Warren Buffett just injected himself into one of the hottest environmental debates in the country.
On Thursday Buffett's Berkshire Hathaway announced through a regulatory filing with the Securities and Exchange Commission that it bought $524 million worth of Suncor stock last quarter.
Suncor is a Canadian oil company that derives most of its current oil production -- and future expansion plans -- from Alberta's oil sands.
Preventing oil sands expansion is the main reason why environmentalists are urging President Obama to reject the Keystone XL pipeline, the controversial $5.3 billion project slated to carry oil from Alberta to the Gulf Coast.
Oil from the oil sands region is thought to emit 17% more greenhouse gases than traditional crude, primarily due to the energy it takes to separate the oil from the sand.
Oil sand proponents say the oil will still make it to market whether Keystone is built or not, via other pipelines to Canada's coasts or by rail. That's an argument the Obama administration has bought up until now.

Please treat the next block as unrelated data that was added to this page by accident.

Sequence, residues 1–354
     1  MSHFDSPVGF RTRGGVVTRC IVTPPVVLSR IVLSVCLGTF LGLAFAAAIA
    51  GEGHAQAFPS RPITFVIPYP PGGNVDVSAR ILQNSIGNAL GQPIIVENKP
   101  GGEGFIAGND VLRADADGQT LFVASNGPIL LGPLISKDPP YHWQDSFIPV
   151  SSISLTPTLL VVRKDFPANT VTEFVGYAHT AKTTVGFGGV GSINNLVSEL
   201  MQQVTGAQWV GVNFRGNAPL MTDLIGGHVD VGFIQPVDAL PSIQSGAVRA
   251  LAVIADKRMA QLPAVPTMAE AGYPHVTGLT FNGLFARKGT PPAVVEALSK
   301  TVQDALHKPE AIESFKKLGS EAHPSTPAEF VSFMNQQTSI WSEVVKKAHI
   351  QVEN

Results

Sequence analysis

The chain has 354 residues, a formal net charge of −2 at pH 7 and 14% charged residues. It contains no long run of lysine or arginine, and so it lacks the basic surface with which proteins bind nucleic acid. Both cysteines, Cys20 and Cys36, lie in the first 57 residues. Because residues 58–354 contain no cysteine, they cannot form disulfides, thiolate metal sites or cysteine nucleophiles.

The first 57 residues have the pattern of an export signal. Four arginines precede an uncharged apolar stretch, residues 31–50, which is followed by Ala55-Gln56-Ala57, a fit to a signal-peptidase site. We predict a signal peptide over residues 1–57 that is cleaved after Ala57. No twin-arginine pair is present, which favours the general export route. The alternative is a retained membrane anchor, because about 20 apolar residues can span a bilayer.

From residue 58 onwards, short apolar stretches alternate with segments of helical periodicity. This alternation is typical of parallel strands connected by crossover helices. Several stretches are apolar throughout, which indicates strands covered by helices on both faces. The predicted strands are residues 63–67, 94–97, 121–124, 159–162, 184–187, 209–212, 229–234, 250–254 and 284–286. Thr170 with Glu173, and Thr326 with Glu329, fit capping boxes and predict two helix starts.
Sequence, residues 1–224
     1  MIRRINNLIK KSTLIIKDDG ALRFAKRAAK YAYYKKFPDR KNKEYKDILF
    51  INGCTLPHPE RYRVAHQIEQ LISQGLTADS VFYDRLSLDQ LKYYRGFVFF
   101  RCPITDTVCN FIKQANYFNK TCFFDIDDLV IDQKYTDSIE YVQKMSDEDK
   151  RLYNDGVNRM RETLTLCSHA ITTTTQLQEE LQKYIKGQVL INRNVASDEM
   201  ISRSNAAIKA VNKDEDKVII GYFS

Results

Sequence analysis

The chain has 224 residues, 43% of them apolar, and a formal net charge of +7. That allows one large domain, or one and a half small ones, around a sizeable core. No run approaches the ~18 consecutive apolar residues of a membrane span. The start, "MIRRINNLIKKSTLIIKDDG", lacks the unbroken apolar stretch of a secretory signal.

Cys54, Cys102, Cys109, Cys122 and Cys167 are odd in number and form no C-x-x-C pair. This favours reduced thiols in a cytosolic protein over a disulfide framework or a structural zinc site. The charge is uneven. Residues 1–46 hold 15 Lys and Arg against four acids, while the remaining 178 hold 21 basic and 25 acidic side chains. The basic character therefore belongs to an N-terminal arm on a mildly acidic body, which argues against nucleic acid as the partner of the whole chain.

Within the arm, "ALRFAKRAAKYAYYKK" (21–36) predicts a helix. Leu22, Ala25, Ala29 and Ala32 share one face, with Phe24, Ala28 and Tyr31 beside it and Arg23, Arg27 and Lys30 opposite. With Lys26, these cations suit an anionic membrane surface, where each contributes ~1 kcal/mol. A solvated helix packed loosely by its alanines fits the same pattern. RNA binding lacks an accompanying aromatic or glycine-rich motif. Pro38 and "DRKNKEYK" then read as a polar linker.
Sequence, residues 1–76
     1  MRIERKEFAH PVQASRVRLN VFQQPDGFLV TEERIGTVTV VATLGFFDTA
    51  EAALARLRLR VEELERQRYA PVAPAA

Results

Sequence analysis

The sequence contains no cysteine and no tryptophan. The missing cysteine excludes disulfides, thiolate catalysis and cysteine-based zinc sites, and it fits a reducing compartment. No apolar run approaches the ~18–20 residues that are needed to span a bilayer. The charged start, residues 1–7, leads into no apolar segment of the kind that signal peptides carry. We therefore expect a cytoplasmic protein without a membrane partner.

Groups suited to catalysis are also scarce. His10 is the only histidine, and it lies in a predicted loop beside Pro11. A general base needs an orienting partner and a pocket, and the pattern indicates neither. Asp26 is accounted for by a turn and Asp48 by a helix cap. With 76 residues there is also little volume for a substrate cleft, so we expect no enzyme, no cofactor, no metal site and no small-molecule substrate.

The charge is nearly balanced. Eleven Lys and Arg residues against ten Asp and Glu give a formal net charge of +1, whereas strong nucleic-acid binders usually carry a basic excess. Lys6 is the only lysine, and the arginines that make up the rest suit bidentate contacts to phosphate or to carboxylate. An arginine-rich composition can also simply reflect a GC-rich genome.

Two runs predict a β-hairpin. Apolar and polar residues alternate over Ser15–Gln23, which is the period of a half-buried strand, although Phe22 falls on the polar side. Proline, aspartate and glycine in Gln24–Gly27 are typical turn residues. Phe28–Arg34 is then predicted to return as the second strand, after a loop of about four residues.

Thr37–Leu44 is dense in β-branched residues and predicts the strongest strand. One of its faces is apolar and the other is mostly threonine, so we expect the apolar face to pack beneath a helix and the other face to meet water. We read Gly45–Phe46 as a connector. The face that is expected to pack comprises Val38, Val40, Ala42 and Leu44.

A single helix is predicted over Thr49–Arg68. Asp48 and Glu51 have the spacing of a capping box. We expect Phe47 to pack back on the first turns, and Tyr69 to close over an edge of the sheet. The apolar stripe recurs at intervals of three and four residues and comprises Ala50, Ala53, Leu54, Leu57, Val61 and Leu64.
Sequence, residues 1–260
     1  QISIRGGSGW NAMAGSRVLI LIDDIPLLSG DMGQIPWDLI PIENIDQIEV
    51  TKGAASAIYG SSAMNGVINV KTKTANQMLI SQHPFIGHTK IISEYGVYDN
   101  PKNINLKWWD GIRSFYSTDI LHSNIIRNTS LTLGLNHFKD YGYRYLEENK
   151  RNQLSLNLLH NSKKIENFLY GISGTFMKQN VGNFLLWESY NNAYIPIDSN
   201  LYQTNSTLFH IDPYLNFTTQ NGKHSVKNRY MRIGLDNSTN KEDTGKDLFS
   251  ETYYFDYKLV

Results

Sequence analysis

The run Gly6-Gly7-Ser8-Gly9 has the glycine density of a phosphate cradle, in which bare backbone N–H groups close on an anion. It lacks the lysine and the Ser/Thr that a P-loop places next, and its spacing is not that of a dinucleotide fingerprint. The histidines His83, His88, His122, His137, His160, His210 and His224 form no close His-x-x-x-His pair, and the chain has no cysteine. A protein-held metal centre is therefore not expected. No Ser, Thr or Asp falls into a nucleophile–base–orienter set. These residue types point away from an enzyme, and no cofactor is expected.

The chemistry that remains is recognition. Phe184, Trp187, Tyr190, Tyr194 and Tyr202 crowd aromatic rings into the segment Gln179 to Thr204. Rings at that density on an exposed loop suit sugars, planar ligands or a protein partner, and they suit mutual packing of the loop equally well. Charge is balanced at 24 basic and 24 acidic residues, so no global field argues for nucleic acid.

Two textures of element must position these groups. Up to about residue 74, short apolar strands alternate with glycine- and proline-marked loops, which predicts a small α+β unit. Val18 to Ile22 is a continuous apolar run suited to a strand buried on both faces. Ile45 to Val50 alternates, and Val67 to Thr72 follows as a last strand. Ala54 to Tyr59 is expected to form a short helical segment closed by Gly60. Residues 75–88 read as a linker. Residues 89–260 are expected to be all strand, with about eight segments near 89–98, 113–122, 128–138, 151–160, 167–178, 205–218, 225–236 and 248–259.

Politics aside, it's possible Buffett bought Suncor to help ensure a steady supply of oil for his BNSF railroad to move. Oil currently accounts for about 4% of BNSF's freight, the company's president was quoted saying Wednesday by the Houston Chronicle's FuelFix blog. That's expected to double over the next several years.
But analysts say it's more likely Buffett bought Suncor because it's a good old-fashioned value.
The company is well run and owns huge tracts of oil sands resources from which oil production -- despite the objections of environmentalists -- is projected to continue to grow
Oil sands producers have been in a bit of a bind of late, as trouble moving the oil out of Alberta has caused a buildup of it in the middle of the continent, depressing both oil prices and the stock prices of companies in the space, including Suncor.
But Suncor doesn't have the same transportation issues as some other oil sands producers, said David McColl, an oil analyst at Morningstar. It's locked up more than enough pipeline and rail capacity to move its current and planed production for several years.
Plus, it owns several refineries, which help the firm avoid having to sell its crude for the depressed, mid-continent prices.
McColl expects the stock to go from its current $32 a share to $52 a share in five years.